The Affidavit specified that the informant had firsthand knowledge of the alleged illegal activities at the 703-A Forbes Street address.3 The Affidavit also stated that the informant "had previously provided reliable information to the Norfolk Police Department which resulted in the arrest and conviction of narcotic offenders," further supporting probable cause. See United States v. Shepherd, 714 F.2d 316, 317 (4th Cir. 1983), cert. denied, 466 U.S. 938 (1984) (holding probable cause existed for a warrantless arrest when informant had previously given information leading to numerous arrests and convictions). Furthermore, the Affidavit contained corroborative evidence resulting from Brooks's visit to the residence and confirmation of the informant's description of the property. See United States v. Miller, 925 F.2d 695, 699 (4th Cir.), cert. denied, 60 U.S.L.W. 3259 (U.S. 1991); see also Blackwood, 913 F.2d at 142. On these facts, probable cause was clearly present.
Even if the warrant was not supported by probable cause, we would apply the good faith exception of United States v. Leon, 468 U.S. 897 (1984), to preserve this warrant's validity. The warrant was regular on its face. Jones did not allege, nor is it evident from this record, that the magistrate judge was biased or that the agents acted dishonestly. The district court properly denied Jones's suppression motion.
Jones also asserts that there was not sufficient evidence of his constructive possession of the drugs seized to support his conviction.4 Again, we disagree. Viewing the evidence in the light most favorable to the government, we review claims concerning sufficiency of the evidence to determine whether any rational trier of fact could have found the defendant guilty beyond a reasonable doubt. Jackson v. Virginia, 443 U.S. 307, 319 (1979); United States v. Tresvant, 677 F.2d 1018, 1021 (4th Cir. 1982).
Constructive possession may be established by either circumstantial or direct evidence. United States v. Laughman, 618 F.2d 1067, 1077 (4th Cir.), cert. denied, 447 U.S. 925 (1980). Here, Jones admitted to having been home for a few days prior to the raid and he admitted to owning the camera and one film canister located next to the film case containing cocaine. Paraphernalia, used in the selling of drugs, was found throughout the apartment. Accordingly, a jury could have reasonable inferred that Jones had knowledge of the drugs. United States v. Bell, 954 F.2d 232, 236 (4th Cir. 1992) (holding jury could reasonably infer knowledge through presence in car, attempt to leave scene, relationship with driver, and nervous response); United States v. Zandi, 769 F.2d 229, 235 (4th Cir. 1985) (holding jury could reasonably infer knowledge through defendant's access to opium, frequent telephone calls to Pakistan, and false exculpatory statement at time of arrest). Since "[p]ossession need not be exclusive, but may be shared with others[,]" Laughman, 618 F.2d at 1077 (quoting United States v. Mendoza, 433 F.2d F.2d 891, 896 (5th Cir. 1970), cert. denied, 401 U.S. 493 (1971), we find that a jury could reasonably conclude that Jones had constructive possession of the drugs found in the apartment where Jones was the legal tenant of the apartment and occupied the premises.5 United States v. Gilliam, 975 F.2d 1050, 1057 (4th Cir. 1992) (holding that a reasonable jury could find constructive possession where defendant owned and occupied premises).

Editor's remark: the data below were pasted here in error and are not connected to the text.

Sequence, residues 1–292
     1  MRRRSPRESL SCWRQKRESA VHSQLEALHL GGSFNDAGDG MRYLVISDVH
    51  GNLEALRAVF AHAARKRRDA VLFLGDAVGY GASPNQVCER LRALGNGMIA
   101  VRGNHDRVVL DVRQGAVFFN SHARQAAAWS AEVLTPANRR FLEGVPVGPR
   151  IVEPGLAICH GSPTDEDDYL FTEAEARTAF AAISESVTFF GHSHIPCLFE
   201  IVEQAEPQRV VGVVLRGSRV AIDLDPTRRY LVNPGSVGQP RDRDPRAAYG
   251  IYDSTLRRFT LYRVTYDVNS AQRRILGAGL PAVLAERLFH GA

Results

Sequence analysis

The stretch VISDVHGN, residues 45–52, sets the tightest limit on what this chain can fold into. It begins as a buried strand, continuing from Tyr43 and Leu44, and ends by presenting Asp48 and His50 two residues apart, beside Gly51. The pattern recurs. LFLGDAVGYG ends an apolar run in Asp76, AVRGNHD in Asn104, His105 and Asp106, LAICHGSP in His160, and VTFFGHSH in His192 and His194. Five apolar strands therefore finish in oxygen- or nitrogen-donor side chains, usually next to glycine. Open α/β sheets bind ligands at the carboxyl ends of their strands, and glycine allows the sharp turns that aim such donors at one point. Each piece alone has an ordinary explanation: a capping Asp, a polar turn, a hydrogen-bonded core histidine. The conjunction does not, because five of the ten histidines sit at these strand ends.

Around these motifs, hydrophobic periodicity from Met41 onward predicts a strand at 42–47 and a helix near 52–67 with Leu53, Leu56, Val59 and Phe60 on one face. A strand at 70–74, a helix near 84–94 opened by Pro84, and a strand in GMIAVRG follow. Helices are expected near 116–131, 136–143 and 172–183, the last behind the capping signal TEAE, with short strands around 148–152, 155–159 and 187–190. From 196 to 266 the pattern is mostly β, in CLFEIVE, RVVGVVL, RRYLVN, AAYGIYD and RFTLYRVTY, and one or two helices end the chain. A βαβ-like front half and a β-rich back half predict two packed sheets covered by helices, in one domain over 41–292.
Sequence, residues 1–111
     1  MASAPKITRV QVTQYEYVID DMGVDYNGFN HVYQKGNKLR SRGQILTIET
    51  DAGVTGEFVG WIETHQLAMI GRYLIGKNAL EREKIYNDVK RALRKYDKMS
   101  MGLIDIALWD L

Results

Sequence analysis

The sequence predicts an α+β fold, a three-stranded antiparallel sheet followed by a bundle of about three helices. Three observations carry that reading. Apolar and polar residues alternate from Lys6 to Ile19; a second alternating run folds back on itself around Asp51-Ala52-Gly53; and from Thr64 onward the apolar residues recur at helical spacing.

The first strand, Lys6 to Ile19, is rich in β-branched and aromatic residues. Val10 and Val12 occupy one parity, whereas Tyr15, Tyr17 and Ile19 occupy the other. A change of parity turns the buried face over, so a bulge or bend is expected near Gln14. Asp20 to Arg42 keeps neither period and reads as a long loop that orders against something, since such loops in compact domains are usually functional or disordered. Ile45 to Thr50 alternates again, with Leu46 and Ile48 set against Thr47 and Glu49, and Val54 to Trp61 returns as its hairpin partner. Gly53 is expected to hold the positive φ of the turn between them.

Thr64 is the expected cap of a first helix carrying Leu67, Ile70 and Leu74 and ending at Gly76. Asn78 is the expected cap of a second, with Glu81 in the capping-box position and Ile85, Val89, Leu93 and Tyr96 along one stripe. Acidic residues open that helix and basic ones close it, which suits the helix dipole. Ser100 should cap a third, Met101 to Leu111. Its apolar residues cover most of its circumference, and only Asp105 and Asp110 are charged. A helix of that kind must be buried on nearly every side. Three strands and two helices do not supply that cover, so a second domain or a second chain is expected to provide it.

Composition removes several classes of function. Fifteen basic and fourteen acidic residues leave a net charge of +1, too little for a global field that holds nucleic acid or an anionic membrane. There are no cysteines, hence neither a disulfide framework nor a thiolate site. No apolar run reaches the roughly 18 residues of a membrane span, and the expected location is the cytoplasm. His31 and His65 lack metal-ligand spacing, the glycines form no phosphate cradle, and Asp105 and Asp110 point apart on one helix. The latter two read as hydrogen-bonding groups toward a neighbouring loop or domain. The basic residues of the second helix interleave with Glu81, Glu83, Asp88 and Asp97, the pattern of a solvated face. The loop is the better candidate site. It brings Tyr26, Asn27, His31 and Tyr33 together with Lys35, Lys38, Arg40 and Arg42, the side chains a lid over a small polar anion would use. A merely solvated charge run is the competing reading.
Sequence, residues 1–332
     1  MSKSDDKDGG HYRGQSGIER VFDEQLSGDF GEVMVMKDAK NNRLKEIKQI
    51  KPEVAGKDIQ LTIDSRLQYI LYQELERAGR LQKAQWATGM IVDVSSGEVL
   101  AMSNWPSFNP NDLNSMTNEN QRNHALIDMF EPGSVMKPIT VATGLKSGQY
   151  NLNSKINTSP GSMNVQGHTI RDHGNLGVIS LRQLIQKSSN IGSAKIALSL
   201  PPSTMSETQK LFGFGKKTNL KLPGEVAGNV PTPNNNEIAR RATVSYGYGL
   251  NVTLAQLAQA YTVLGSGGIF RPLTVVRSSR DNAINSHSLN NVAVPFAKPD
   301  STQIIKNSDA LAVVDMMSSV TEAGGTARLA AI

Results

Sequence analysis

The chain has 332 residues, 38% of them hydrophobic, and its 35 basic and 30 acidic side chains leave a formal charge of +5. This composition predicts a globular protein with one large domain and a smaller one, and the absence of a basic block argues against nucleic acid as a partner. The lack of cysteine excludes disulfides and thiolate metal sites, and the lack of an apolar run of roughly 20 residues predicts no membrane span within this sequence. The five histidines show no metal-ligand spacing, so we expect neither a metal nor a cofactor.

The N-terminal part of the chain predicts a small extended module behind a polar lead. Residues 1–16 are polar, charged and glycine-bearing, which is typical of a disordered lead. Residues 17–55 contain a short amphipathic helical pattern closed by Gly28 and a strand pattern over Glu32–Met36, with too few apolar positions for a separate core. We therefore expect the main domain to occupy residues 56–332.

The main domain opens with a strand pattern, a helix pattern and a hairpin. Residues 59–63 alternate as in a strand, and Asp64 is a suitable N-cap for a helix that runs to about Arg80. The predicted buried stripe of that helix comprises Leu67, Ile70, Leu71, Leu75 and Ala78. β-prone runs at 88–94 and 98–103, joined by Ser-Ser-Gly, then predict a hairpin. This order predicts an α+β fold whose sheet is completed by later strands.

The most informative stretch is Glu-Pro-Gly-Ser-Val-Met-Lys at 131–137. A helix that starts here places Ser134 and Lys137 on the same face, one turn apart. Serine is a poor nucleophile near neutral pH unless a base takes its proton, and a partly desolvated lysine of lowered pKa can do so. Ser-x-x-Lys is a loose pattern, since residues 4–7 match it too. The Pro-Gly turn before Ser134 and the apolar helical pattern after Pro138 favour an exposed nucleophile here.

For the foregoing reasons, we affirm the district court.
At the time of arrest, Jones was on bond, pending sentencing for the trafficking of illegal guns
Prior to trial, Jones unsuccessfully moved to suppress all evidence seized during the search on the basis that probable was lacking
The Affidavit stated that the informant had seen individuals walk through a hole cut in the rear fence and knock on the back door of Jones's residence to purchase drugs, and that Jones was in possession of a number of firearms, particularly a TEC-9 pistol. In addition to the accurate description of Jones's residence, the informant correctly identified Jones in a photographic line-up, further demonstrating his firsthand knowledge of the situation
Although Jones concedes that the government was not required to prove actual possession, he argues that he "did not exercise exclusive dominion and control over the drugs or over the area in which they were found." Furthermore, Jones argues that there was insufficient evidence that he had knowledge of the drugs
Jones signed the lease of the apartment and was present during the confiscation of the drugs, some of which were found in his bedroom